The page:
Last Updated on February 26, 2021 by goubl
How To Clean Your Juicer After Making Celery Juice?
We have made a step-wise deal for you to clean your juicer after making celery juice,
Here’s your deal:
- Begin by unplugging the juicer.
- Disassemble the juicer as much as possible. If you are unsure how to disassemble your juicer, the instruction book can usually be found online by searching for your brand and juicer model. You can also find this information in our review article Best Juicers For Celery
- Dump the bin or container that catches the pulp and scrape it out with a spatula.
- Rinse each piece under running water.
- Use small brushes to clean the remote areas, such as a nail brush or old toothbrush. Some mini scrub brushes can found online and used to clean the nooks and crannies if those don’t work. Another option is to use dry rice or salt with a little water; swishing it around can act as a scrubber. A little baking soda on a damp cloth also works well for improved scrubbing power.
- For more thorough cleanings, fill the sink with water and add dish soap.
- Soak each piece for a few minutes, and then wash with a brush or soft cloth.
- Pay special attention to the mesh strainer, as this can quickly build up with pulp and juice debris. Please do not allow the juice particles to dry in this fine screen, or they will require a lot of elbow grease and attention to detail to clean.
- Use a soft cloth or sponge moistened with water to wipe down the machine itself. Although the juice is designed to go through a specific route in the juicer, juice and pulp will be everywhere.
- Allow all of the pieces to dry completely. It is OK to set them on a towel or drying rack.
- Reassemble the juicer.
- You’re set for the next juicing session.
If you sit your juicer for a while without cleaning and residue became dry and difficult to remove, follow the steps below. Using a denture tablet or soaking in white vinegar can also work to remove stains.
- First, unplug the juicer.
- Take it apart and clean it, and you can help with the methods above in the Juicer Cleaning section. Instead of using your regular dish liquid, though, use one that contains enzymes. The enzymes in these products work to break down the built-up food.
- Once you have cleaned the juicer as much as possible, set the parts that still have residue on them in an empty sink or bowl.
- Cover the parts with water to soak and drop in a couple of denture tablets. Let the tablets fizz for as long as needed.
- If the residue is stubborn, mix equal amounts of white vinegar and milk. If you don’t have both, you can try using just one or the other.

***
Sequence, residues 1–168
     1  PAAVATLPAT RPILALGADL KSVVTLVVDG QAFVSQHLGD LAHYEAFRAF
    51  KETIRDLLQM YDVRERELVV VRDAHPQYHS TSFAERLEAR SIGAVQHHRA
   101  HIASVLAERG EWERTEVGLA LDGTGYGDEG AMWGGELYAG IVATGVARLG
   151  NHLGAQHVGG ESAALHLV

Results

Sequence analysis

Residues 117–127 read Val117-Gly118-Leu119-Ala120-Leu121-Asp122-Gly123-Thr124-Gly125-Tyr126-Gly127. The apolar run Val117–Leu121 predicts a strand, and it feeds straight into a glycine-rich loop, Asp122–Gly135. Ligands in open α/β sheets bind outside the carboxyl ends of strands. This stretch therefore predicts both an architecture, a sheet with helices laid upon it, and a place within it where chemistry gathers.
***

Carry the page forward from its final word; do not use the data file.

- If using a bowl to soak the remaining items, fill the bowl with the vinegar mixture. If you don’t have enough of the mixture to wash the juicer parts, put the vinegar mixture in a spray bottle, and spray it onto residue. The milk enzymes break down the juice residue, as does the acid in the vinegar.
- Soak the items for as long as needed for the residue to become loose and easy to scrub away. If using a spray bottle, you may need to spray the surface several times to ensure it stays wet long enough to work.
- Another option is to use saltwater. Warm as much water as needed and add a teaspoon of salt for every quart of water. Stir the mixture thoroughly to ensure the salt dissolves.
- Soak the juicer parts in the saltwater for as long as needed to soften the residue so that it can be easily scrubbed away.
- Juicers that are used regularly can quickly become tiresome to clean, which is why so many juicers end up stashed in the cupboard with the other appliances. When purchasing a juicer, look at the cleaning methods and consider how much time will be involved before committing to that particular model.
- Prompt cleaning makes a world of difference. Fresh juice and pulp will quickly wash away with warm water. However, juice and pulp allowed to dry will become “glued” to the walls and be much more difficult to remove. Most juicers only take 2-5 minutes to clean properly, so plan it into your morning schedule.
- If there are any metal parts on your juicer that need to be soaked, don’t let them soak for too long, or they could rust.
- If you forget to clean the juicer and gunk is allowed to build up, use a fine grade of sand to scour the gunk out of the small holes in the juicer. For slightly larger areas, dry rice could also work.
- Check the care instructions before placing any parts into the dishwasher. While some removable parts can tolerate it just fine, others cannot handle mechanical washing methods. If the model requires hand washing, it will void the warranty if the details are placed in the dishwasher.
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